The COVID outbreak, like it has done to so many things, is throwing that pattern for a loop. We have to settle for good enough earlier than normal, because the high-end option has been cut off. Let’s look at education as an example.
The Disruption of Education
Many people have written about the disruption of the education system over the past year. I’ve done it myself. To quickly sum up the main arguments:
Education is being unbundled, and now you’re really just paying for the credential and the network.
All of the content is available online anyway.
Despite the counterarguments, physically attending college, and paying for it, is by far the most popular and well-accepted educational path. Online classes, for all the hype, sport something like a 3% completion rate.
Over the past month, though, every school in the country has sent its students home and scrambled to recreate the educational experience online. Predictably, people who are about to leave school with over $100k in debt are unhappy, because either:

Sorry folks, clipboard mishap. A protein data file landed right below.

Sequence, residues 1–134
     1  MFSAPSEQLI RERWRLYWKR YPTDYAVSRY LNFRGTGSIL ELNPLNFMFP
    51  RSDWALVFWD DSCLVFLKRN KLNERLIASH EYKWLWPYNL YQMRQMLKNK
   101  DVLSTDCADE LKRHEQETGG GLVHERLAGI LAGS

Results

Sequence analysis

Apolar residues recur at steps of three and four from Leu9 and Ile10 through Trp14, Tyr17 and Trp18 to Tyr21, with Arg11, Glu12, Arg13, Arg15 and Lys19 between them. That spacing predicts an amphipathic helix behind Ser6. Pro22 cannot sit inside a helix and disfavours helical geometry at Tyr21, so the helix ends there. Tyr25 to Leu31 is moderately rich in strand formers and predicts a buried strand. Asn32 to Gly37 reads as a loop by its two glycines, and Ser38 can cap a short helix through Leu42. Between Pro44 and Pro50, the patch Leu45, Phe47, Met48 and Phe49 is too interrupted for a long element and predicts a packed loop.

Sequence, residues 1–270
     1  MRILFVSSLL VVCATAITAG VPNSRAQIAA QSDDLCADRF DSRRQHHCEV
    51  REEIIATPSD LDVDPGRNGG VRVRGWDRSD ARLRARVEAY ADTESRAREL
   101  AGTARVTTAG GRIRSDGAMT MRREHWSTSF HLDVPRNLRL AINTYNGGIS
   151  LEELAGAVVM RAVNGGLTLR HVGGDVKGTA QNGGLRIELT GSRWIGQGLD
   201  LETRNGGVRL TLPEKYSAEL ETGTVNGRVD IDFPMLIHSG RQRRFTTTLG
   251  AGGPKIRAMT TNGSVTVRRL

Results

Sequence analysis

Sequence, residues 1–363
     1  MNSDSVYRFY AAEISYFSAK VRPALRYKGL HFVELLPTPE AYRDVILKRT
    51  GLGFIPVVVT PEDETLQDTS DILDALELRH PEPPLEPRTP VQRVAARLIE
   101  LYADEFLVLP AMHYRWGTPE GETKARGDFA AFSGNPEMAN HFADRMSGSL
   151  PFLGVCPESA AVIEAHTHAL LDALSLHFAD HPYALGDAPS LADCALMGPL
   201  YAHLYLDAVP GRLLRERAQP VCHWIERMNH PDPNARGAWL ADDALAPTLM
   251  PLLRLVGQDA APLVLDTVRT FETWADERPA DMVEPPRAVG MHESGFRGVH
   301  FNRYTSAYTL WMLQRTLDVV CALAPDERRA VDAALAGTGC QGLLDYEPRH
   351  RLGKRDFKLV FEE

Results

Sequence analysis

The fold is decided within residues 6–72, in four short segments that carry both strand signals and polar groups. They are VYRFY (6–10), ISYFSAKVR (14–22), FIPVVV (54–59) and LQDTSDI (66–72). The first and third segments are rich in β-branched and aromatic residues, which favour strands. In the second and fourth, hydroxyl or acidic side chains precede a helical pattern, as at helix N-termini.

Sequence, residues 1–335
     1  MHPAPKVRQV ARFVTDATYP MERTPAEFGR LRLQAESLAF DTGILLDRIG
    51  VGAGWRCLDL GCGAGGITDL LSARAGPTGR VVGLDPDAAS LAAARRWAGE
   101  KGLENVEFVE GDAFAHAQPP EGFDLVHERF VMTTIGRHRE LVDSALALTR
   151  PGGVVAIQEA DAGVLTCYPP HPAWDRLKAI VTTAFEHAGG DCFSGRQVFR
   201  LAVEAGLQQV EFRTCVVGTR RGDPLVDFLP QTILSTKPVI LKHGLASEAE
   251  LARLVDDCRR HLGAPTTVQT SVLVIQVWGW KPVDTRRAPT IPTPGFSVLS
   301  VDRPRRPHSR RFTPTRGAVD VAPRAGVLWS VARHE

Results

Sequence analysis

a) They have been overpaying the whole time, or
b) They are currently overpaying because the real deal actually is worth the money, and the online version, for which they’re paying full price, is subpar.
Both are true, depending on which part of the market you look at.
At the high-end of the market, people are quickly realizing that you cannot replicate the magic of a college experience from your couch, no matter how good the content. Going to harvard.com is not the same as going to Harvard.
But disruptive innovation happens at the low-end. Some people, having realized that they are still able to learn, will opt out of the traditional path and learn online for a lot less. They will take classes online, join clubs and accountability groups in-person, and piece together a more affordable education that’s good enough.
The COVID outbreak will give new entrants the low-end foothold they need to begin their upward trajectory. I have spoken to, and seen tweets from, hundreds of people who are giving online education a try over the past few weeks. Not just college students, but lifelong learners, and even parents of small children, are turning online for education for the first time.